Technical Weakness Accumulates

NOTE:  This Market Commentary alert was originally emailed to subscribers at Ritholtz Research & Analytics on Mon 12/7/2006 4:34 PM;

This is posted here not as investing advice, but
rather as an example of a trading call for potential subscribers. We
expect to post future advisories in a similar manner — after the call,
but in the correct chronological location on the blog.


Even as the Market shows resilience, the signs of technical weakness continue to accumulate. Toward that end, we have uploaded our comprehensive Technical review of the NASDAQ Composite Index (download it here).

At present, conditional elements remain mixed: Price trend is bullish, while momentum, breadth and sentiment are now neutral. 

We need to see a trend break — confirmed by momentum and breadth — before we would decide to switch to an aggressively short posture. Although our individual recommendations have been long biased, they are quantitatively driven, hopefully staying in sync with the markets’ shorter term trend. However, enough indicators have migrated away from bullish readings to neutral to warrant increasing shorter term caution.

In driving terms, we are at a yellow light currently, down from a green – and waiting for the red to signal (unless we see a reversion back to green).

Anecdotally, this rally has as much to do with fund managers caught behind their benchmarks, and they are now playing catch up as it does with the strong seasonal factors. Additionally, we see evidence that, after many years on the sidelines, small investors are plowing back in, mostly due to the headline DOW numbers making new milestones. Directionally, the uptrend has not yet been broken.

Though the indicator evidence remains mostly neutral, we cannot help but note the low quality, low priced stocks bubbling up. As is often the case, these runs will likely end on excessive speculation.

Next up on the watch list: sentiment numbers, and volume leaders (to see the types of issues being sponsored). However, opinions and emotion often lead to troublesome decision making, so we defer to the unbiased, un-emotional indicators. They are now mostly indecisive, but we see a gradual shifting downward from previously more bullish levels.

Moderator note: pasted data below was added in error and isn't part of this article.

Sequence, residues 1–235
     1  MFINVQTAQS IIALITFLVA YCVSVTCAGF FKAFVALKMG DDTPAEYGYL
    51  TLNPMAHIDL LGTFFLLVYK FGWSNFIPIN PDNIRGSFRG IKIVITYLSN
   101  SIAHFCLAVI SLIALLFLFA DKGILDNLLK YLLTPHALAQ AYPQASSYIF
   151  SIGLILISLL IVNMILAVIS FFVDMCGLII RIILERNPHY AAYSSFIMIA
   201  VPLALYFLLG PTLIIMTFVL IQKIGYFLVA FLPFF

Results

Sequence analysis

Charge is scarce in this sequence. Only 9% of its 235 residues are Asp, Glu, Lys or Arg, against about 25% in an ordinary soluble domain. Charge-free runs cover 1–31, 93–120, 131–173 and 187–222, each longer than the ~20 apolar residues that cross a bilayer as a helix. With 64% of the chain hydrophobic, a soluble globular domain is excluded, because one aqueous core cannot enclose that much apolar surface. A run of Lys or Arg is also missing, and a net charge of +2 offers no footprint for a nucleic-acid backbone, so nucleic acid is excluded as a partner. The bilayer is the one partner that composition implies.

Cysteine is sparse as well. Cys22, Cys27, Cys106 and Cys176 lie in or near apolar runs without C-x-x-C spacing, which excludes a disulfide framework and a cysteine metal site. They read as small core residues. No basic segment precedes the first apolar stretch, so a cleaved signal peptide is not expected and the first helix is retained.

This is another piece of evidence that is building the case for caution.

-Barry Ritholtz
December 7, 2007

Category: RR&A


Category: Financial Press, Markets, Psychology

High-Tech Strategist

Doug Kass channels Fred Hickey’s macro concerns, in Fun With Fred:

• Hickey points out another fallacy with the 1995 market meltup and 2006-07. Eleven years ago, the Republican Revolution ushered in lower tax rates on income, capital gains, dividends and estate taxes. By contrast, the Democratic tsunami in the YouTube Election of 2006 should be worrisome to corporate executives, bankers, consumers and investors. Instead, they are partying like it was 1995 and oblivious to what is happening on Main Street and, importantly, in Washington.

• The collapse in housing is spilling over and has begun to impact the general economy. Hickey highlights many of our concerns — the durable goods drop, rising subprime mortgage delinquencies and property foreclosures, a steep contraction in truck tonnage, a surprising decline in the Institute for Supply Management’s manufacturing index and reports (Lazard Capital Markets) that 60% of retailers missed their November same-store estimates.

• As the limited quantities of special deals were gone, retail spending came to a halt after consumers were baited with "doorbuster" deals on Black Friday. At every store he visited after Thanksgiving weekend, Hickey found empty stores and excess inventory. Circuit City (CC) was swimming in iPod inventory ("the new toasters") and at mobile phone stores (Hickey smells an emerging glut) it was the same story with Cingular awash in the new Blackjacks from Samsung, Verizon (VZ) with a plethora of "Qs" from Motorola (MOT) and T-Mobile with xcess Blackberry Pearls.

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